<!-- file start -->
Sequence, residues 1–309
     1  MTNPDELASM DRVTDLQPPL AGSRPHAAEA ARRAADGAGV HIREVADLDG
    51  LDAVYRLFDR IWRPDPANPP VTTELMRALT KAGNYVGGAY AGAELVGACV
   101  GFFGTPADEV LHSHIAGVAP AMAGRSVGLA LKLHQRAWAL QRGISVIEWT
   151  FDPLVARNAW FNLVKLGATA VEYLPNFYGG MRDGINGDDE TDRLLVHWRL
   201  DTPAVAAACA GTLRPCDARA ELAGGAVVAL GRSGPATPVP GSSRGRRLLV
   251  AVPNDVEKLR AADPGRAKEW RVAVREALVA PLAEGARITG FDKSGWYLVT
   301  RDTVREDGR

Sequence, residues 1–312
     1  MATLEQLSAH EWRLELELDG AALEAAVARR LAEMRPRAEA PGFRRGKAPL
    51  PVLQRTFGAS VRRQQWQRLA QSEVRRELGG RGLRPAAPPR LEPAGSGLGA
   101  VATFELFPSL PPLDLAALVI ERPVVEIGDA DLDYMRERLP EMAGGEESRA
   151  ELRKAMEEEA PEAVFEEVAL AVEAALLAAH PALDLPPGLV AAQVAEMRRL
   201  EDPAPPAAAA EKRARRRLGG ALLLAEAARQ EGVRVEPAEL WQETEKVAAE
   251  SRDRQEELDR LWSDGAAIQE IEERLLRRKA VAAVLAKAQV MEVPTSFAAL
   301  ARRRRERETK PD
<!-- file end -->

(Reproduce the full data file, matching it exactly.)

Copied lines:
Sequence, residues 1–309
     1  MTNPDELASM DRVTDLQPPL AGSRPHAAEA ARRAADGAGV HIREVADLDG
    51  LDAVYRLFDR IWRPDPANPP VTTELMRALT KAGNYVGGAY AGAELVGACV
   101  GFFGTPADEV LHSHIAGVAP AMAGRSVGLA LKLHQRAWAL QRGISVIEWT
   151  FDPLVARNAW FNLVKLGATA VEYLPNFYGG MRDGINGDDE TDRLLVHWRL
   201  DTPAVAAACA GTLRPCDARA ELAGGAVVAL GRSGPATPVP GSSRGRRLLV
   251  AVPNDVEKLR AADPGRAKEW RVAVREALVA PLAEGARITG FDKSGWYLVT
   301  RDTVREDGR

Sequence, residues 1–312
     1  MATLEQLSAH EWRLELELDG AALEAAVARR LAEMRPRAEA PGFRRGKAPL
    51  PVLQRTFGAS VRRQQWQRLA QSEVRRELGG RGLRPAAPPR LEPAGSGLGA
   101  VATFELFPSL PPLDLAALVI ERPVVEIGDA DLDYMRERLP EMAGGEESRA
   151  ELRKAMEEEA PEAVFEEVAL AVEAALLAAH PALDLPPGLV AAQVAEMRRL
   201  EDPAPPAAAA EKRARRRLGG ALLLAEAARQ EGVRVEPAEL WQETEKVAAE
   251  SRDRQEELDR LWSDGAAIQE IEERLLRRKA VAAVLAKAQV MEVPTSFAAL
   301  ARRRRERETK PD